Heavier windows and drained and vented wall cavities mean loadings from windows are often offset from the timber framing. Recent BRANZ research checked that a modified support bar system can transfer the load back to the framing to prevent problems.
The New Zealand trend for building on more exposed sites and using larger windows has resulted in thicker glass being used. Higher insulation demands also mean that double glazing is now common. Hence, the weight of glazing has increased.
Window glazing (and the accompanying loads) are often offset from the face of the wall framing due to the use of drained and vented wall cavities – typically 20 mm wide cavities for light claddings and 50 mm wide for brick veneer – between the framing and wall cladding. Cavities have always been used with brick veneer construction, but for other claddings, this requirement was introduced with changes to E2/AS1 in response to leaky buildings.
If insufficient vertical support is provided, this eccentric load from heavy windows can cause problems such as twisting of sill trimmers and windows sagging, causing the joinery to leak.
WANZ support bars
Installation of domestic windows is not covered by any nationally recognised standard.
Recognising the possible problems, the Window Association of New Zealand (WANZ) markets a window sill support bar to carry the window weight back to the timber framing. BRANZ investigated whether their new modified support bar system is able to transfer the load back to the timber sill trimmer and whether the sill trimmer will undergo excessive twist due to this loading (see Figure 1).
A cross-section of the WANZ system tested in the research is shown in Figure 2. The WANZ bar is an aluminium extrusion that must be continuous across the full window width. It needs to be screwed to the sill trimmer as per the installation instructions. Window glazing is supported on glazing blocks at ¼ and ¾ of the width of individual glazing units. Hence, the total weight of the glazing is transferred to the window frame at these locations.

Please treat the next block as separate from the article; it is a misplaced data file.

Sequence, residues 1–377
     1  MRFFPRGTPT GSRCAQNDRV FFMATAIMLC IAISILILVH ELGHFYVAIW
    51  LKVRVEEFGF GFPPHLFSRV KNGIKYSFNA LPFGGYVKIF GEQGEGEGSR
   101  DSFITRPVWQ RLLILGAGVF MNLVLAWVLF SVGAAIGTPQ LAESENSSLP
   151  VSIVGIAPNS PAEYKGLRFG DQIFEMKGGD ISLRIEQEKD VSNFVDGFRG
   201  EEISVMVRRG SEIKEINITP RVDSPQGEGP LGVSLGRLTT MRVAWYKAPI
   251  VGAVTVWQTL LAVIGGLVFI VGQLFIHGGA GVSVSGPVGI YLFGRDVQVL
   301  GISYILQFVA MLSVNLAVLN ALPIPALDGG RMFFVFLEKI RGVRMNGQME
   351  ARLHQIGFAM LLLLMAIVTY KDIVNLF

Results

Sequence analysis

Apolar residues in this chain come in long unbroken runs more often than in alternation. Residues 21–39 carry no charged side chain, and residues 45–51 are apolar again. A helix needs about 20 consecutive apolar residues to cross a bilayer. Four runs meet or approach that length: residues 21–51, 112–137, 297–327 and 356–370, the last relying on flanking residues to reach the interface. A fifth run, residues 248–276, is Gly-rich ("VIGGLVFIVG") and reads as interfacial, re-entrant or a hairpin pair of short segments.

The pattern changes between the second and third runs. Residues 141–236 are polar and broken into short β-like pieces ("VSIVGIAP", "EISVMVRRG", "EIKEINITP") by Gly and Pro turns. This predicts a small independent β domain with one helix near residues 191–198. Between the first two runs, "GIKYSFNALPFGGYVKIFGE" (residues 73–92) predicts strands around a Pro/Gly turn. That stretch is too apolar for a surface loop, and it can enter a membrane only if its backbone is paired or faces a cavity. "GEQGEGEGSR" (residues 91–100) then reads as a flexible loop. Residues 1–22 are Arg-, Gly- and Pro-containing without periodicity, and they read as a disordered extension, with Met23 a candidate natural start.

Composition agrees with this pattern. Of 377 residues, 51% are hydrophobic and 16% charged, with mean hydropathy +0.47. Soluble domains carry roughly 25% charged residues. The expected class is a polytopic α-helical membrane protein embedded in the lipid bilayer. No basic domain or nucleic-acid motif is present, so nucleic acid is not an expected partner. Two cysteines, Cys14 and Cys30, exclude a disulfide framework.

Window support blocks (see Figure 3) are used directly beneath the glazing blocks. These transfer the glazing load to the bar. Sill packers (see Figure 4) are used at 450 mm centres.
Support bar does the job
The testing used framing for a 1750 mm wide window complete with window trimming studs, sill trimmer, lintel, jack studs and top and bottom plates constructed to NZS 3604:1999 Timber framed buildings. A partial elevation of the test set-up is shown in Figure 5.
The test results indicated that the WANZ bar, its screw fixings and the timber framing will remain intact when carrying a 150 kg window (for example, 2.5 m long × 2 m high double-glazed window with 6 mm panes). For construction complying with NZS 3604:1999, the twist of the sill trimmer was satisfactory for this loading.
This study did not consider weathertightness issues.
What about suction pressure?
BRANZ has also examined the strength of the windows to resist face load wind suction pressure. In particular, tests were carried out to measure the strength of the stapled connection between window frame and reveal and the nailed connection between reveal and window trimmers. Work is on-going, and results should be available shortly.
Other proprietary support systems are also available, but these were not assessed as part of this project.
Articles are correct at the time of publication but may have since become outdated.